The final lines of the documentary unabashedly label these nine investors “heroes,” which is a bold label for a group whose struggle is to make big bucks. But the title fits. A year after GameStop’s short squeeze, which involved Reddit brothers, excellent memes, hedge fund billionaires and congressional hearings, Tulis and producer Blake J. Harris (who made Console Wars for Paramount Plus in 2020) have finally reshaped history in a way that makes us bother to cheer people on.

GameStop: The Rise of Gamers is like one of those sports movies that’s great because it’s not about sports. In that case, Tulis and Harris aren’t here to tell the definitive story of how GameStop’s stock price rose from $3.25 in August 2020 to $325 the following January. They’re smart enough not to bog the audience down with short-selling concepts, and they don’t build their storytelling on the stock’s horse racing coverage itself. Nor does the film dwell on critiques of capitalism, manipulated markets, or any of the reluctant conspiracy theories that arose when online brokers curtailed trade.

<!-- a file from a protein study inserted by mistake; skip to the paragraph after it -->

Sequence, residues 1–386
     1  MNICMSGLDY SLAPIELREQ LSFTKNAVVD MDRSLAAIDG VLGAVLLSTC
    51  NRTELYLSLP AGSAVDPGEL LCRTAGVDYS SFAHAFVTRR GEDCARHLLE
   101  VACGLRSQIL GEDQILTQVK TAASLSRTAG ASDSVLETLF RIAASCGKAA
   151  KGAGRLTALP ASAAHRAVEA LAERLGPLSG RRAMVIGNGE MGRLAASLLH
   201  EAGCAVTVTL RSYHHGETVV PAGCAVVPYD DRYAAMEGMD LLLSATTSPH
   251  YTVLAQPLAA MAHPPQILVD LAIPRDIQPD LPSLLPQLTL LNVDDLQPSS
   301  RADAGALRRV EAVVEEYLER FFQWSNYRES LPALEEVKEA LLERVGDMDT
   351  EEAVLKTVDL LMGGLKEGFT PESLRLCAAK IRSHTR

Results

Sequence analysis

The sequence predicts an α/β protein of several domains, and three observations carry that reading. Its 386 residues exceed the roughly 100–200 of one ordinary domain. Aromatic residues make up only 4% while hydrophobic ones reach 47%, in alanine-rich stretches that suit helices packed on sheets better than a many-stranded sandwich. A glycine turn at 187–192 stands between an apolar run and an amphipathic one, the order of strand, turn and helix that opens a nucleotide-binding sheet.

The buildup is simple: Professional investors had a low opinion of GameStop, beating its stock price with confirmation bias more than analysis. The discussion of how GameStop was perceived by the investment community is very similar to the scene of silver ball where a room full of baseball scouts cannot explain why a certain player is good beyond “He looks like a good player”. GameStop was considered a dinosaur waiting for a meteor strike, because someone slapped the bricks and mortar company with the label “Blockbuster 2.0”, and it repeated itself until it was considered as an empirical fact.